tagRomanceHow to Be a Genie: 12 Easy Steps Ch. 02

How to Be a Genie: 12 Easy Steps Ch. 02


Chapter Two: Step One: Never Trust Another Genie!

To say that the old apartment building was dilapidated would have been diplomatic. It had to be a serious fire hazard, with the roof sagging like that, and most of the paint coming off in dangling strips. But it was the correct address, he was positive of that. There was only one Georgia Street in town and this was it. Well, I wanted to know where she lived, Avery thought, as he made his way up the creaking steps and onto the apartment's front porch. It's really my own fault.

It was Friday evening. When Cypress hadn't shown up for class that day, Avery had taken it upon himself to find out where she lived, so he could return her sketchpad. What if, he'd thought to himself, she was sick in bed or something? And bored out of her mind, because she didn't have her sketchpad. Okay, so he knew it was more than likely that she had another one at home. Any excuse to get out of seeing Vivian was a good one, in Avery's opinion. And besides, he thought, as he rang the buzzer for her apartment, I don't want her to be worried about where her sketchbook is.

He was buzzed up immediately. The inside of the building was just as bad as the outside; the carpet smelled of rot and mildew, the wallpaper was coming off in strips, and the banister on the staircase wobbled beneath his hand. When I decided to take a trip today, Avery thought, wiping his hand off on his jeans, I didn't realize it was going to be a guilt trip. Not that his family had ever been rich, really, but they were well off enough. Places like this always made him feel guilty.

The door swung open before he ever really got a chance to knock. He found himself looking down at a plump, balding man, who—judging based on his scowl—was not at all happy to see Avery. In fact, none of the occupants of the apartment were happy to see him—he was also greeted at the door by a monster of a cat that hissed at him in annoyance. I hope the whole family isn't like this, he thought, taking a step back. Cypress really seemed like a nice girl. Avery held up the sketchbook for the man to see.

"Um...I'm looking for Cypress," he explained. "See, she dropped this the other day and uh...well, I wanted to return it to her. Except she wasn't in class today and I..."

The man continued to glare. "She isn't here," he growled.

"Oh," Avery said, taken aback. This must have been her father...right? "Well, would you give this to her? When she gets back, I mean?"

Of all the things Avery was expecting, Cypress' father practically breaking down crying on his shoulder wasn't one of them. The man swayed, sagging against the doorjamb. Even the cat, which had been so hostile before, sat down in the doorway and looked up, mewing plaintively. Okay, Avery thought, what the hell is going on here? Did he somehow get the wrong apartment? This crazy guy couldn't really be Cypress' father, could he?

"Um...sir..." Avery said hesitantly.

"She's missing," Cypress' father explained, in a hoarse, choked voice. "Since Wednesday...she just...just disappeared!"

"Oh," Avery said quietly. "I...I'm sorry, sir, I didn't mean to...you don't know where she is? Not even a clue?"

He just shook his head. Feeling uncomfortable, Avery handed over the sketchbook, then stepped away from the apartment. He stared at the door for a long time after it had closed. She's missing, he thought, frowning. Since Wednesday... Which was the last time he'd seen her, the day he'd run into her—literally. He couldn't help wondering if she'd maybe run away. Having to live in an apartment like that, with only her grouchy dad and her cat...Except it seemed to Avery like she wasn't the type of girl who would leave her cat behind. Or her dad, really, but definitely not her cat.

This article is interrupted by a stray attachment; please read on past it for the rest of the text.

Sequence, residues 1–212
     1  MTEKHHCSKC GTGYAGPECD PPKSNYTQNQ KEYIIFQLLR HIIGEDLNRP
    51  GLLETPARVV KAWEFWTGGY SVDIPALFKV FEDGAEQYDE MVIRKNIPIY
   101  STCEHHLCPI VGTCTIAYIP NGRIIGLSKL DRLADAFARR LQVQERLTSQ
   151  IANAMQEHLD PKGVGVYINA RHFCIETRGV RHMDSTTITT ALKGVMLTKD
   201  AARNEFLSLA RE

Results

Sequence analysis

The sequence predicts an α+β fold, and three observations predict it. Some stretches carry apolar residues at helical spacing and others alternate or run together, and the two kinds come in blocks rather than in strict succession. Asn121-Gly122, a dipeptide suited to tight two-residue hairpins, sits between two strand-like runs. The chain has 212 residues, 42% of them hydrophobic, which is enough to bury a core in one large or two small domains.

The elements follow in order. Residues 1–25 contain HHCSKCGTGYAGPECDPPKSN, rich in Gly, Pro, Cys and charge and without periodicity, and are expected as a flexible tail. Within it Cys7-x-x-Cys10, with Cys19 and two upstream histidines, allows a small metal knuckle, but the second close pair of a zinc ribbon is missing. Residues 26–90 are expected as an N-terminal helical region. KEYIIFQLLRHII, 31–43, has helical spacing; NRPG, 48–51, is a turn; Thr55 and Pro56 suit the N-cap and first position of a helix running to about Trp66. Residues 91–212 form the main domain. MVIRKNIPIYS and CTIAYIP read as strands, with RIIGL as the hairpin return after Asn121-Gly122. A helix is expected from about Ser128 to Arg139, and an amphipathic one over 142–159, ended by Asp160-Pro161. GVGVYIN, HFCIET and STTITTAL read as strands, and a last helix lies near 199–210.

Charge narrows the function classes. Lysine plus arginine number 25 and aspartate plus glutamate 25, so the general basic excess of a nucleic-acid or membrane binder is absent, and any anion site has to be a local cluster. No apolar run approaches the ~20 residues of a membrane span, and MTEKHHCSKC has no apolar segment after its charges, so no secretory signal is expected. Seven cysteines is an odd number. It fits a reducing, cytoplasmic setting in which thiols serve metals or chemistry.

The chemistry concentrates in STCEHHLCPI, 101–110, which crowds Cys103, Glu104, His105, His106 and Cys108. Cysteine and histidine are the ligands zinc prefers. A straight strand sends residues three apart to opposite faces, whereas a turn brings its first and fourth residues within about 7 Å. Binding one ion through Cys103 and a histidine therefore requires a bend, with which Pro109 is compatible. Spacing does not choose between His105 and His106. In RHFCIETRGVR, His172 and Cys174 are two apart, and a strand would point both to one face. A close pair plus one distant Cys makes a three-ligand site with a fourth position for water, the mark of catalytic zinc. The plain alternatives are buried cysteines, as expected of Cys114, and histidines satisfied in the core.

Well, there isn't anything I can do, he thought, as he started back down the stairs. I feel bad, yeah, but... Well, maybe he could do a little asking around, see if anyone who knew her might know where she was. Perhaps she'd gotten frustrated and taken off for a few days. Maybe she's just as psycho as the rest of her family seems to be, Avery thought. Maybe...ugh, this sucks. He stepped outside into air that, while not exactly fresh, was a heck of a lot less musty. It was true that he didn't owe Cypress or her family anything. It was also true that they might all be crazy and she'd just simply run off. But he felt like he should do something, at least.


Cypress knew instinctively that she was not at home, or any other place she knew. She could tell, because never before had she woken up in such a comfortable bed. Also, the sounds around her were foreign; the soft rustling, as if of silk, the whisper of murmuring voices, the faint music drifting in from a room nearby. She turned over slowly, feeling silken sheets slide over her bare skin. Whoa, wait a minute, Cypress thought, coming fully awake in an instant. Where the hell are my clothes?

She sat up, clutching one of those sheets to herself—not that it did her much good, as it turned out, the sheets were sheer. Cypress folded herself up, trying to cover herself, and took a look around the room. Although it was a place most extraordinary, with its gauzy drapes hanging everywhere and lamps made of faintly glowing crystal, it was hard to take her eyes off the woman sitting on a divan not too far away. Ephasia, she remembered suddenly. What on earth...? Except Cypress was beginning to doubt that this place was anywhere on the earth she knew.

Ephasia was still dressed in that Disney-ized harem outfit. Whoever she'd been talking to a moment before was gone, but Cypress imagined they'd be back. What is going on, anyway? Cypress wondered, watching Ephasia rise from the divan. There was no doubt in her mind that this woman, who had claimed to be her sister, was not your average human being. While she liked to consider herself the skeptical sort, it was pretty hard to deny that something otherworldly was going on when one was in the middle of said situation. But what precisely was happening—not to mention why—remained a mystery.